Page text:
Widow and Founder of the Servants of the Immaculata (1805-1893)
+ Anna Maria was born in Fivizzano, Massa, Italy, and was remembered to have been a pious child. At the age of seven, she ran away to become a missionary, but her family brought her back home.
+ She discovered her calling to religious life at a young age and wanted to become a Franciscan Sister. Her mother objected, however, and Anna Maria agreed to her mother’s desire that the girl marry (in part, because Anna Maria recognized that her widowed mother needed her daughter’s support). In 1826, she married Antonio Demonico Botti and the couple would have six children, five of whom died as children. Her surviving son, Leopoldo, became a Benedictine monk.
+ Antonio died in 1844 and Anna Maria began to visit prisons and to educate girls living on the streets of Parma. She formed a pious union—the Institute of the Good Shepherd—to expand her care for women in need.
+ In 1857, Anna Maria and eight companions established a new religious community that was known as the Handmaids of the Immaculata. The community received formal approval in 1876.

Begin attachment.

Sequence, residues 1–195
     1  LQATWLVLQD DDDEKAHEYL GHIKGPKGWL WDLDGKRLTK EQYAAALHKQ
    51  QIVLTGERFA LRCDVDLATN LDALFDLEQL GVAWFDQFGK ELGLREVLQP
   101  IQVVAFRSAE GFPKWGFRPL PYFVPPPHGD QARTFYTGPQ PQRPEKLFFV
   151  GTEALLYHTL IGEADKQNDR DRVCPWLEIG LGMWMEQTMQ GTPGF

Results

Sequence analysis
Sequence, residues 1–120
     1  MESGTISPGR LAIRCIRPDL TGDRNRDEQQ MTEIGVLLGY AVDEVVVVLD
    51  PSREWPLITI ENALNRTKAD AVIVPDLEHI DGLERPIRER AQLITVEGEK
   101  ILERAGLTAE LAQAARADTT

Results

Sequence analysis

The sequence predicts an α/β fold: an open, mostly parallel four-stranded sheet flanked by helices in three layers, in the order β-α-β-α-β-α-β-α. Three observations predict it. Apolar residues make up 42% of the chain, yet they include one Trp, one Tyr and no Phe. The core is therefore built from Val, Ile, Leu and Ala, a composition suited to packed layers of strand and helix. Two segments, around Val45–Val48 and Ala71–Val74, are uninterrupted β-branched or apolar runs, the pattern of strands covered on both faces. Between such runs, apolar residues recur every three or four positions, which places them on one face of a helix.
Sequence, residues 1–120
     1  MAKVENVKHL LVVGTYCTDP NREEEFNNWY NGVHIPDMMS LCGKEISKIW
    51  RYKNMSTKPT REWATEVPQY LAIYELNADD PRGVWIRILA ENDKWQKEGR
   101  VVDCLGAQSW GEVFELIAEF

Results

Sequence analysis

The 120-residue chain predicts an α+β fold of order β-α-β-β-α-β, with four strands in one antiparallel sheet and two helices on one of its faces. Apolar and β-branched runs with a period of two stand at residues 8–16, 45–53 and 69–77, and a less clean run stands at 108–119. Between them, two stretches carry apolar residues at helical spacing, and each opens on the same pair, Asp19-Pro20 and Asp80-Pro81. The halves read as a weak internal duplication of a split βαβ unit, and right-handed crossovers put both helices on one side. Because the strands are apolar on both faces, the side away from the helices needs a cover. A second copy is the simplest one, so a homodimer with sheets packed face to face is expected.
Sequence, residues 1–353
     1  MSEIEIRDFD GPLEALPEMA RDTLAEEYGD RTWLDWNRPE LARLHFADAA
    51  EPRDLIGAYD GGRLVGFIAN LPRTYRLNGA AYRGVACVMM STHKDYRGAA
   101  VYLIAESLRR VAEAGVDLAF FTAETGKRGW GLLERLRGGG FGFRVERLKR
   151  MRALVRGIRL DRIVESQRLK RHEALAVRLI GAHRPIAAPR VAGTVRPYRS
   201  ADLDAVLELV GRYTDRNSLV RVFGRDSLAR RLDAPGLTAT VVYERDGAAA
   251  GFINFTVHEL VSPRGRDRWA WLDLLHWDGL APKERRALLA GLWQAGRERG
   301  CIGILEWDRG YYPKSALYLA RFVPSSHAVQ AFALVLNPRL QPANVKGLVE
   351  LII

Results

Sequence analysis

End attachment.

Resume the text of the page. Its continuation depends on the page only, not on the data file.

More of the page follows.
+ Blessed Anna Maria served as superior of the congregation for much of the remainder of her life. She died on February 7, 1893, and was beatified in 2010.
For prayer and reflection
“Behold a wise woman who has built her house. She feared the Lord and walked in the right path.”—Entrance Antiphon for the Mass for the Common of Holy Women (cf. Proverbs 14:1-2)
O God, the exaltation of the lowly, who willed that blessed Anna Maria should excel in the beauty of her charity and patience, grant, through her merits and intercession, that, carrying our cross each day, we may always persevere in love for you. Through our Lord Jesus Christ, your Son, who lives and reigns with you in the unity of the Holy Spirit, one God, for ever and ever. Amen.
(from The Roman Missal: Common of Holy Men and Women—For a Holy Woman)
Saint profiles prepared by Brother Silas Henderson, S.D.S.